2. Tortellini Soup
- 1 package of refrigerated tortellini (I like Buitoni brand)
- 1 can of premium white chicken (my old friend)
- 1 (32 oz) box of chicken broth
- 1 bag of frozen Pictsweet Farms chopped onions (I keep one in my freezer at all times)
- 2 (15 oz) cans of diced tomatoes
- 1 small carton of heavy cream
- 1 (8 oz) bag of finely shredded Parmesan from the refrigerator section (trust me, it’s better than the green can of powdery cheese)
- 1 bag of fresh spinach leaves (optional)
- Pour the chicken broth into a pot and get it boiling. You may not need the entire box. If you’re making this in a medium-sized pot, you’ll want to be careful not to fill it super high (leave room for the tortellini).
- Also, add about a handful of the frozen diced onions. Keep the rest of the bag in your freezer — I bet you’ll need them at some point for a different recipe. I LOVE pre-chopped frozen onions because it means I will never have to cry over a cutting board again.
- Once it’s boiling, add the entire bag of tortellini. Cook according to the package directions (usually you only need to boil it for 3 or 4 minutes).
- After it’s done boiling, turn it down to medium heat and add in the two cans of diced tomatoes (no need to drain — you want that tomato juice).
- Continue stirring everything together, and add some canned chicken, shredding it with a fork before scooping it into the soup.
- Pour in a little bit of the heavy whipping cream. I always tend to just eyeball it, but maybe add about a half of a cup. Stir it until the soup starts turning from red to pink. Beware that if you pour in too much, your soup is going to be super rich and may give you a stomachache later. Save the rest of the cream in the fridge.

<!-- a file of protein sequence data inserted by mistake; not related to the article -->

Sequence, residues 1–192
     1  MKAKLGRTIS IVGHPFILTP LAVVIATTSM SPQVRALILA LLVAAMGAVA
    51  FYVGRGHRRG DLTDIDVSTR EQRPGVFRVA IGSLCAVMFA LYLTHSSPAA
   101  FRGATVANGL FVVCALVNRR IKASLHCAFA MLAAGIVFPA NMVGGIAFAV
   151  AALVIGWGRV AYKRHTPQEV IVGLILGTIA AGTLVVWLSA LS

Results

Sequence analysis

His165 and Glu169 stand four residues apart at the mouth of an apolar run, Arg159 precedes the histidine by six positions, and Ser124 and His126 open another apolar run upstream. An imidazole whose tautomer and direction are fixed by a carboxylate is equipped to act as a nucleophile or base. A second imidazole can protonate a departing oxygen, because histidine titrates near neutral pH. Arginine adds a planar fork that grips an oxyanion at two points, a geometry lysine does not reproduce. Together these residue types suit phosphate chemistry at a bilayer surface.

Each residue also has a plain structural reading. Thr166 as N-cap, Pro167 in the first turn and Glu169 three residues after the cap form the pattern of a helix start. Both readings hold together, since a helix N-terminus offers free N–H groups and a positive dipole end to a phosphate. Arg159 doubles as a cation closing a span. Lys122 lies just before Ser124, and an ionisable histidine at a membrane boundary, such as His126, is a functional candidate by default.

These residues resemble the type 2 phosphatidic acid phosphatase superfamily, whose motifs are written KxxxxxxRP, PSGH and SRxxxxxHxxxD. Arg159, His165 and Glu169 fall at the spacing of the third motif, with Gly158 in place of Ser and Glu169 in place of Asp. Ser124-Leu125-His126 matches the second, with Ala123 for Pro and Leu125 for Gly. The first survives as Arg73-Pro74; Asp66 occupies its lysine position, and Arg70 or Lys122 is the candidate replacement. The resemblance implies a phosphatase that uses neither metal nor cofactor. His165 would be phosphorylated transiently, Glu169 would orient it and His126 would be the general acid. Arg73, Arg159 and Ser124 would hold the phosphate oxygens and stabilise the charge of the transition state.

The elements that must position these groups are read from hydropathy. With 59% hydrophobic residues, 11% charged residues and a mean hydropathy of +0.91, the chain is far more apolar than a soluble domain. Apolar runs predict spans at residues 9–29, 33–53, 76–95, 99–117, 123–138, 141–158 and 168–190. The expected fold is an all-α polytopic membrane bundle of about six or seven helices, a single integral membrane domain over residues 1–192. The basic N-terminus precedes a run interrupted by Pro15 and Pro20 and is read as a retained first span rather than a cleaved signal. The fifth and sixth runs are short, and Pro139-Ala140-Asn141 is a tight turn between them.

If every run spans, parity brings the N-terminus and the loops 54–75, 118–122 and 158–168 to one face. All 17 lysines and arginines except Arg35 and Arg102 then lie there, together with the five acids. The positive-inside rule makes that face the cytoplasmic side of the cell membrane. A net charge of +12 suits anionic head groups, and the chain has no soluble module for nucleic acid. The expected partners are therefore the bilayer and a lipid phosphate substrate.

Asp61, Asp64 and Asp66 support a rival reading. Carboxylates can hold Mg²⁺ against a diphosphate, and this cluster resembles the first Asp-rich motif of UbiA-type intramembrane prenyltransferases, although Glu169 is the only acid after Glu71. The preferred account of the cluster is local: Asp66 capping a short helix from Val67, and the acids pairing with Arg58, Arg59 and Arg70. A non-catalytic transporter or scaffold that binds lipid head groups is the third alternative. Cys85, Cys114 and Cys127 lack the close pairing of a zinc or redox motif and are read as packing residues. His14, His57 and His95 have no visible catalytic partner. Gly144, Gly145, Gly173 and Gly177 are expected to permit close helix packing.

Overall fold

- Turn off the burner and ladle the soup into bowls, fishing around so that everyone gets a good serving of shredded chicken, tortellini, and soup broth. Sprinkle with the shredded parmesan.
If you are feeling bloated just thinking about eating this giant bowl of cream and cheese, consider adding some spinach. I usually buy a bag of fresh spinach leaves and just throw in a few handfuls towards the end, when the soup is simmering (before adding in the heavy cream). They just need to wilt a little bit. You may also use tortellini that is stuffed with spinach or meat instead of cheese to cut down on the dairy a little.
3. Tuna Stuffed Shells
If you’re like me, you may initially recoil at the thought of tuna fish together with cheesy alfredo sauce. However, it’s actually an unexpectedly delicious combination!
- 1 box of jumbo pasta shells
- 3 cans of tuna (I recommend solid white albacore in water)
- Pictsweet Farms frozen chopped onion
- 1 jar of alfredo sauce (I recommend Classico brand)
- 1/2 cup of Italian bread crumbs
- 1 (8 oz) bag of shredded mozzarella cheese
- Italian seasoning
- Boil some water to cook the jumbo shells. You probably only need to use about half of the box.
- Toss about a handful of frozen diced onion into the boiling water with the shells.
- While the pasta is cooking, open the cans of tuna, draining the excess water.
- Scoop the tuna into a bowl and mix it together with 1/2 cup of Italian breadcrumbs.
- Once the shells are finished cooking (you will probably want to shorten the cooking time a bit so that they’re “al dente” and easier to stuff), drain the water and place the shells (and diced onions) into an 8×8 casserole dish.
- As best you can, stuff the shells with the tuna/breadcrumb mixture. (Honestly, I’ve been lazy before and just dumped it all together, and though it looks better when it’s properly stuffed, it tastes the same either way.)
- Drizzle the tuna stuffed shells with alfredo sauce from the jar. Sprinkle it with some Italian spices.
- Sprinkle shredded mozzarella over the entire dish, and broil it (550F degrees) in the oven for just a few minutes to melt the cheese. (You’re not really cooking anything in this step, but it tastes better once the tuna has been heated and the cheese has melted. Be careful to keep an eye on it or else it will burn!)
Most of the ingredients in this recipe can be substituted for low-fat alternatives. You can use whole wheat pasta instead of the normal kind. You can use light tuna instead of solid white. You can also use skim milk/low fat alfredo sauce. I definitely recommend adding a salad or some sort of vegetable on the side. And of course, if you’re not a fan of fish, you could always try using canned chicken instead of tuna.